But the greatest change was probably the ball’s condition. In the past, a ball was kept in play until it was lost in the stands or fell apart. By the late innings, it was the color of dirt, nearly impossible to see. It left a pitcher’s hand and then vanished into the catcher’s mitt. A tremendous catalogue of trick pitches — still in use and legal — made this possible: spitball, licorice ball, elm ball, shine ball, paraffin ball. Details varied but the intent was always the same: Change the spin, confuse the flight. A hitter expects it to break this way, it goes that way instead.
Then Ray Chapman, the Cleveland Indians’ shortstop, stepped to the plate at the Polo Grounds, where the Yankees played till Ruth’s fame financed the new stadium in the Bronx. Carl Mays was pitching for New York that Aug. 16, 1920, and afternoon shadows were creeping in. He was a submarine pitcher, known for throwing junk, going after batters. Chapman was batting .308, but the ball was the color of smoke, indistinguishable from the gloaming. It was later decided that Chapman never saw the pitch, because he did not move, just froze as it climbed. The sound of the ball hitting his head could be heard all over the park. People screamed. Chapman dropped to his knees, then fell on his face. He was taken to a hospital, where part of his skull was removed. He died the next morning. He is the only player ever killed in the course of a Major League Baseball game.
After a series of emergency meetings, two rule changes were made. Now umpires had to replace the game ball as soon as it showed stain or any sign of wear. That’s why you see the umps today turning the ball over between pitches. At the slightest imperfection, they replace it — usually more than 100 times per game. Another change forbade the spitball and its relatives: No more nicking the ball on your belt buckle to alter its spin, no more roughing it with sandpaper (emery ball) or polishing one side of it on your jersey while slicking the other side with dirt (shine ball). By the mid-1920s, the game ball, which had been dirty by the third inning, was snow-white for Ruth and his disciples. Easier to see, easier to hit.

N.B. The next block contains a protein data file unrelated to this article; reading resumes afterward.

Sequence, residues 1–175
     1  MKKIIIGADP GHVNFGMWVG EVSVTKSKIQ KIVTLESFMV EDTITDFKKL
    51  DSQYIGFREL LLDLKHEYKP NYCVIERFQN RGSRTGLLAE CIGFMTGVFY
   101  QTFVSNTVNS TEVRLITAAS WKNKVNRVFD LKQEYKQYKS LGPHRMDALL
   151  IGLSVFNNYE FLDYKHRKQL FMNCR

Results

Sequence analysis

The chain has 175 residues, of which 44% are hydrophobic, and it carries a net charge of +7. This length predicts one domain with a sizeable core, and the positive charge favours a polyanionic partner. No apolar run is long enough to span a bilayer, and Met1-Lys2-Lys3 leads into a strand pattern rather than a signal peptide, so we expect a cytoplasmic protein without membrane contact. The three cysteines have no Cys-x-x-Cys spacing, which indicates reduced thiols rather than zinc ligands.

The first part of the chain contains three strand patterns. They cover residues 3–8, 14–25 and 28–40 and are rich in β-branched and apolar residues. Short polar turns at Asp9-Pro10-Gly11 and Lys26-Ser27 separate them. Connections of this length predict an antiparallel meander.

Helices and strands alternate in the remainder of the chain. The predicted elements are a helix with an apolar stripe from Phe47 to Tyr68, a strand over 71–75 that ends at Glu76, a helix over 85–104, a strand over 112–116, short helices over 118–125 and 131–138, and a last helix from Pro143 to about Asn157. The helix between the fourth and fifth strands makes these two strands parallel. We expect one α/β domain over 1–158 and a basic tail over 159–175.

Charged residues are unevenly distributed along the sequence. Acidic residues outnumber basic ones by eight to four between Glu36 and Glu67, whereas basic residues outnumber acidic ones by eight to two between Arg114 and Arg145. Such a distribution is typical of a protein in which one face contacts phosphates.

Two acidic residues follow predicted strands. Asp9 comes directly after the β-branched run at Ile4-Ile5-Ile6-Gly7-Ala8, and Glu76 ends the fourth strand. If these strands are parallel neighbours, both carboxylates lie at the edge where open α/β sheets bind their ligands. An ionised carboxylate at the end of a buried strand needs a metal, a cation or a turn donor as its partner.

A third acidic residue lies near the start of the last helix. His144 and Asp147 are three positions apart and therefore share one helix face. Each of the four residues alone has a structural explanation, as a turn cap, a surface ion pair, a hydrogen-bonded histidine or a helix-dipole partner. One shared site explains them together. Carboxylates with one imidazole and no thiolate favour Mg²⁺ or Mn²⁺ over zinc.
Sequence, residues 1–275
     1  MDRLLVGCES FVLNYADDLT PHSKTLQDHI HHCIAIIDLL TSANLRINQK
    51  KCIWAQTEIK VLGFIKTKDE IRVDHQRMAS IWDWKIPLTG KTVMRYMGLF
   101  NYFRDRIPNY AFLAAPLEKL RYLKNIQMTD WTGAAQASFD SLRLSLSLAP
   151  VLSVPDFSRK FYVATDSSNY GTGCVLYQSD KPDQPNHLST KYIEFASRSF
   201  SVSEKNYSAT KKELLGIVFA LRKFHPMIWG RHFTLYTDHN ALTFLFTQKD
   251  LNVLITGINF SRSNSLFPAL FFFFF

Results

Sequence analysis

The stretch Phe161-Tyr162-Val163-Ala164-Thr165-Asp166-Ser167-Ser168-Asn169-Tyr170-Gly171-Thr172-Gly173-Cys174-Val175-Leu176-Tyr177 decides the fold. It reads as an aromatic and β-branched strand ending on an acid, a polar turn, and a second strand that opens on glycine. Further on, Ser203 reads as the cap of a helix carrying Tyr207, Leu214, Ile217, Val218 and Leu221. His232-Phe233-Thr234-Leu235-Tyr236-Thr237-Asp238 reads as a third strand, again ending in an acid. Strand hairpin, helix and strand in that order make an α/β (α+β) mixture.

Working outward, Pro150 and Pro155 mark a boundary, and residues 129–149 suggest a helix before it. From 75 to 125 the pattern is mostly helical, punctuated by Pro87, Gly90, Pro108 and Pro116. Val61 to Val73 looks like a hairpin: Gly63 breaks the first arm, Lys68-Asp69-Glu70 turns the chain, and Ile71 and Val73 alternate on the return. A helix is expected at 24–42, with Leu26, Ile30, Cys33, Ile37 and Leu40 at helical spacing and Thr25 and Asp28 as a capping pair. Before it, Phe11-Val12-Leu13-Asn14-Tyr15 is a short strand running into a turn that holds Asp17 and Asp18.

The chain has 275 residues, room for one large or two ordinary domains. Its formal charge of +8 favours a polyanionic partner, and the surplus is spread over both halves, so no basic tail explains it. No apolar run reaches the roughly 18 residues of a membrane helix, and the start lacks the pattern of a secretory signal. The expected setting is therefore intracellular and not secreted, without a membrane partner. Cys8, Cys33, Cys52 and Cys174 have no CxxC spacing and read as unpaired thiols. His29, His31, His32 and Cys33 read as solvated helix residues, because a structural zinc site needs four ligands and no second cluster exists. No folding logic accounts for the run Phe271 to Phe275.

Of course, the main harbinger of the homer era was probably the Babe himself. After “Heartbreak Hotel,” no one wanted to be Perry Como. They wanted to be Elvis Presley. After 1920, no one wanted to be Ty Cobb. They wanted to be Babe Ruth. The old game had been about precision, strategy, incremental progress. The new game was about power, the single blast that busts open the piñata.
Cobb and hundreds of others who continued on in the classical way suddenly seemed obsolete. And they hated it, Cobb most of all. He was a withering critic of the new style and its great exemplar, the fat man. His sport had abandoned elegance for vulgarity. It’s how the great silent-film directors felt about the talkies. Too easy, too simple. It destroyed virtuosity. Writers said Cobb envied Ruth, but Cobb insisted that any fool could hit the ball out of the park; he just didn’t want to sacrifice batting average. He told a Detroit reporter: “I’ll show you something today. I’m going for home runs for the first time in my career.” On May 5, 1925, Cobb hit three home runs against the St. Louis Browns. The next day, he hit two more. At that point, no one, not even Ruth, had hit five home runs in two days. Cobb then reverted to slap hitting, because he believed that was the true baseball.
The change in the game, from dogged and small to splashy and big, was about more than baseball. It was the zeitgeist. The culture has a way of remaking its games to match its obsessions. Dead ball had been perfect for pre-industrial, pre-global America. It was village and farm, the hick with the spitball, the yokel with the level swing. The game invented by Ruth was much more appropriate for the America coming into being, the modern nation that would go everywhere and do everything and overwhelm everyone with its weapons. Front-loaded and flashy like its cities and its factories and its music and its movies. Flamboyant, gaudy, easier to understand. Halfway to the modern NFL.
It was a bit of luck the way this new style remade baseball. In the course of a season, it set the stars of the previous generation in the distant past. It was like Noah’s flood, this cataract of home runs. It created two worlds: before and after, pre- and post-lapsarian. It gave the game its mythology. It made old-time players — Albert Spalding, Cap Anson — seem like patriarchs whose feats were mysterious. You approach a statistic like 59 — the number of games the pitcher Old Hoss Radbourn won for the Providence Grays in 1884 — as you approach a statistic like 969 — the number of years Methuselah lived in the book of Genesis.